There is ongoing controversy as to whether political democracy inhibits or facilitates national economic growth. It is argued here that the answer to this question depends greatly on the regional political context within which democracy functions. In regions where social groups clamour for redistribution, as in Latin America, democracy may lead to populism and poor economic performance. Similarly, in regions where state elites are generally committed to promoting rapid industrialization, as in parts of Asia, democratic pressures may impede effective economic policy. However, in regions where patrimonialism is chronic, as in Sub-Saharan Africa, democracy may provide a useful mechanism for evicting grossly corrupt politicians and may therefore facilitate higher rates of economic growth. These regional arguments are tested statistically here and show that democratic governance constrains growth in Latin America and Asia yet facilitates growth in Africa. Sensitivity analyses indicate that these findings are fairly robust.
Are some people more prone to instabilities in partisanship due to the ways they rank and organize their core values? We investigate the mechanisms of partisan volatility, considering whether instabilities reflect value conflict and ambivalence. Our expectation is that when the basic values of the American ethos come into conflict in elite discourse, citizens have difficulty reconciling their own value arrangement with that of elites, resulting in greater partisan volatility. To this end, we use several heteroscedastic regression and ordered probit models to explore whether the conflict of competing values explains the response variance and instability of individual-level partisanship and ideology over time. To construct measures of value conflict, we rely on data from the 1992, 1994 and 1996 American National Election Studies. We find that, while instabilities in partisan identification reflect low information for some, the competition of core values generates volatility in partisan affiliations for others. In deliberating the value tradeoffs of politics, people may be of two minds even about central beliefs such as party identification.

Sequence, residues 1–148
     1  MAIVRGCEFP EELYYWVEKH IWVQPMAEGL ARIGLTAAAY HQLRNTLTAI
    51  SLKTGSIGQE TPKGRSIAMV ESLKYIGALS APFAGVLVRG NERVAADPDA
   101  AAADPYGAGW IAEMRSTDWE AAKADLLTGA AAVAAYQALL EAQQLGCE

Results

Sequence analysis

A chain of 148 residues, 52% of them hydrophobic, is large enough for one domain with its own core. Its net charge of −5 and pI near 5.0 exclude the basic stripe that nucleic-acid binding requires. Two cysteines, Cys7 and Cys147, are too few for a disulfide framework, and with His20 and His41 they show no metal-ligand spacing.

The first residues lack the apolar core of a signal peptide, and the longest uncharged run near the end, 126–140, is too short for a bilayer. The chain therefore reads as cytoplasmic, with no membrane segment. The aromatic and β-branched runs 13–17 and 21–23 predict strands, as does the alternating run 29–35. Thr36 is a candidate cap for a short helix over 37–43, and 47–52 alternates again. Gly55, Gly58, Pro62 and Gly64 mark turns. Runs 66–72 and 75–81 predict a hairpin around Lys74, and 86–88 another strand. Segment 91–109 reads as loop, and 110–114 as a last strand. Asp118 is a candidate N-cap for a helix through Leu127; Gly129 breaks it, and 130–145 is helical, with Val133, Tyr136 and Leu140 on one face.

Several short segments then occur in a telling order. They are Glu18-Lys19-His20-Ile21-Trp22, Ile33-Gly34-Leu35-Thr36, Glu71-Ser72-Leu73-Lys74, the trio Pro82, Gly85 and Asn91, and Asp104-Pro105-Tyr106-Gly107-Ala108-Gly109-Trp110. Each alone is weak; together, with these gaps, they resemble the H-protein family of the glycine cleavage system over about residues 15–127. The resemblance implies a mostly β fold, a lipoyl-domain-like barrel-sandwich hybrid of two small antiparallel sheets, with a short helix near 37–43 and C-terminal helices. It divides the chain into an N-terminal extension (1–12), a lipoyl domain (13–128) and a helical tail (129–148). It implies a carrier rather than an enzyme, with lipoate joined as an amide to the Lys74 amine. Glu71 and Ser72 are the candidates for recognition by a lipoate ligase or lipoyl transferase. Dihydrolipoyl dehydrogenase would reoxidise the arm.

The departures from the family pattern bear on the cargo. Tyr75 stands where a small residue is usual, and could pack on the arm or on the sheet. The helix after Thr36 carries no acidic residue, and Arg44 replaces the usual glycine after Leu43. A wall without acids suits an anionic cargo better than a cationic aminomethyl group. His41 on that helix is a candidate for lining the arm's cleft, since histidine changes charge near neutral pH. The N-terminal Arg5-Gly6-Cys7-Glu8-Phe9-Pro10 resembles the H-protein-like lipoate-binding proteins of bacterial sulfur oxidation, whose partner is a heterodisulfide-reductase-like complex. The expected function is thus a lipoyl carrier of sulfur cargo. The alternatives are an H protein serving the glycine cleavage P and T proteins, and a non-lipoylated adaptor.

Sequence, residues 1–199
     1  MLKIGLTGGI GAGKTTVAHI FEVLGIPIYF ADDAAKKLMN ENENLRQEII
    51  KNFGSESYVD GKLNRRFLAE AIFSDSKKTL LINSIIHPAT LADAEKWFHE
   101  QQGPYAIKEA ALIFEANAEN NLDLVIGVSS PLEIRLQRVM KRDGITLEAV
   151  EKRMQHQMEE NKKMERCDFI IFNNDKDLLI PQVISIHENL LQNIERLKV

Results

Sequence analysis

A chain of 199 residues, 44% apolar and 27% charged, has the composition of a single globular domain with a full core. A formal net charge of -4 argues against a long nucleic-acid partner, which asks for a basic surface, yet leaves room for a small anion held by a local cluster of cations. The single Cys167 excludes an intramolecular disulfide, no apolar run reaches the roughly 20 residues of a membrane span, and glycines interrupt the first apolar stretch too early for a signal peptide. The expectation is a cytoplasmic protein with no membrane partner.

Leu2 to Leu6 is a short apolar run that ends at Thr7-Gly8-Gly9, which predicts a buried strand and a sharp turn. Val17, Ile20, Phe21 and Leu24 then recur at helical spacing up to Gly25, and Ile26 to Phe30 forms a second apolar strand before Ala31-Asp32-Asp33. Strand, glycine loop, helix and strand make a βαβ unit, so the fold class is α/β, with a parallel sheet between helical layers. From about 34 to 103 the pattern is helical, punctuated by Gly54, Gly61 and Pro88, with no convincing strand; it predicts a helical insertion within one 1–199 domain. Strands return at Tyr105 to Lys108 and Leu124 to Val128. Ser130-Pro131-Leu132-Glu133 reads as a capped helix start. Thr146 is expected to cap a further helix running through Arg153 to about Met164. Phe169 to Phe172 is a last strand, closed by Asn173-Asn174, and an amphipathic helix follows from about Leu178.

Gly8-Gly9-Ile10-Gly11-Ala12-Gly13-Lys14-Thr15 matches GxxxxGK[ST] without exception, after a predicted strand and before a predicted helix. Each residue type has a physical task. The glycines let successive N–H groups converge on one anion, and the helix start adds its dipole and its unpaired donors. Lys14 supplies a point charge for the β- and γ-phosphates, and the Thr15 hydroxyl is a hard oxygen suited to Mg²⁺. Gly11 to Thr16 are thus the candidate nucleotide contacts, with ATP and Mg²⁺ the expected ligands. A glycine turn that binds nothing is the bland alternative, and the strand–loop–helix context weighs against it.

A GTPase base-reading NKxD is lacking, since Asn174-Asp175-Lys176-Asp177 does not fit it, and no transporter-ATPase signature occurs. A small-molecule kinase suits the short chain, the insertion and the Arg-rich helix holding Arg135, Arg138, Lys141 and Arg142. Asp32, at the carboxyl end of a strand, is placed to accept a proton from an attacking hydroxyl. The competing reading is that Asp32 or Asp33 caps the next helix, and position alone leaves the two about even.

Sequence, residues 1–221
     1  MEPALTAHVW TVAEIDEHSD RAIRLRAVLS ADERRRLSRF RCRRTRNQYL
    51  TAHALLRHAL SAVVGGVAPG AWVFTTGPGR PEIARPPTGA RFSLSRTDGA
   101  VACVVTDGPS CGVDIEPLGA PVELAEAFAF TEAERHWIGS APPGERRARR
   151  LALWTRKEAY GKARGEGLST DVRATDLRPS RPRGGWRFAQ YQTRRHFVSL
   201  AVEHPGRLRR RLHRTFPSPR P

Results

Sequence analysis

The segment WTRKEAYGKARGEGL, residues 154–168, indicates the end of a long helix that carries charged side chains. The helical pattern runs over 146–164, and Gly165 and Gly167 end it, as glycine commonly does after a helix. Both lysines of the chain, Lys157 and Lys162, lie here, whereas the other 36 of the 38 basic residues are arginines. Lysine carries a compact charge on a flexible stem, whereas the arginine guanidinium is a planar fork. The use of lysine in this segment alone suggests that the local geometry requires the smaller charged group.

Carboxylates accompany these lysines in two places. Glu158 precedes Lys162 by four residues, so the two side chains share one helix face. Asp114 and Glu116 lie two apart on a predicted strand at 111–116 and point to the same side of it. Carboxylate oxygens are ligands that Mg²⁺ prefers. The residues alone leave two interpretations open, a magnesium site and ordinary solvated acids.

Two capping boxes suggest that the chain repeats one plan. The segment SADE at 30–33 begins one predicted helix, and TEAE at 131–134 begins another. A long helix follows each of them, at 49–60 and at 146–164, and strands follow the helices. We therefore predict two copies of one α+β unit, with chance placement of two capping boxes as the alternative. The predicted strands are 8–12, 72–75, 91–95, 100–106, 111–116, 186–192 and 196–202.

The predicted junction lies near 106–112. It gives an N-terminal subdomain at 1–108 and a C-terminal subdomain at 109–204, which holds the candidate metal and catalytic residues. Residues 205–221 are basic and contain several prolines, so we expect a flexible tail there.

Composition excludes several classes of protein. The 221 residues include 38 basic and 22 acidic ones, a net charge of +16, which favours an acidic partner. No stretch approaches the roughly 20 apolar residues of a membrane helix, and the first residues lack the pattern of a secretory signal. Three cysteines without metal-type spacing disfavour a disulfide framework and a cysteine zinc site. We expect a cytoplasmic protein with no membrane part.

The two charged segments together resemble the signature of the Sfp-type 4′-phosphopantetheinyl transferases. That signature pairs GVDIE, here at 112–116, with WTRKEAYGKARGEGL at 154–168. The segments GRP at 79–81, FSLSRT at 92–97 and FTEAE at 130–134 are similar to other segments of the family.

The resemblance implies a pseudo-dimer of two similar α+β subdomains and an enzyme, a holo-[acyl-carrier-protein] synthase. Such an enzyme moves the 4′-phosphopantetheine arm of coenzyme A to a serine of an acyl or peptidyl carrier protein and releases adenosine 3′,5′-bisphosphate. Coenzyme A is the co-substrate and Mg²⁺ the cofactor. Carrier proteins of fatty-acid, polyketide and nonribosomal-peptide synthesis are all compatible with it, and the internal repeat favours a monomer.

Biotechnology policy in the United States promotes the commercial development of genetically modified crops, yet adopts a precautionary approach when it comes to stem cells and cloning. In this article, the evolution of this bifurcated policy domain is traced. A detailed analysis of congressional hearings shows how distinctions between the products of biotechnology came to be reflected in the character of committees holding hearings, the attention to risks and benefits, and the pattern of interest-group activity in different biotechnology applications. It is argued that many of the differences that separate the United States and Europe in biotechnology reflect the way institutions reinforce past policy choices.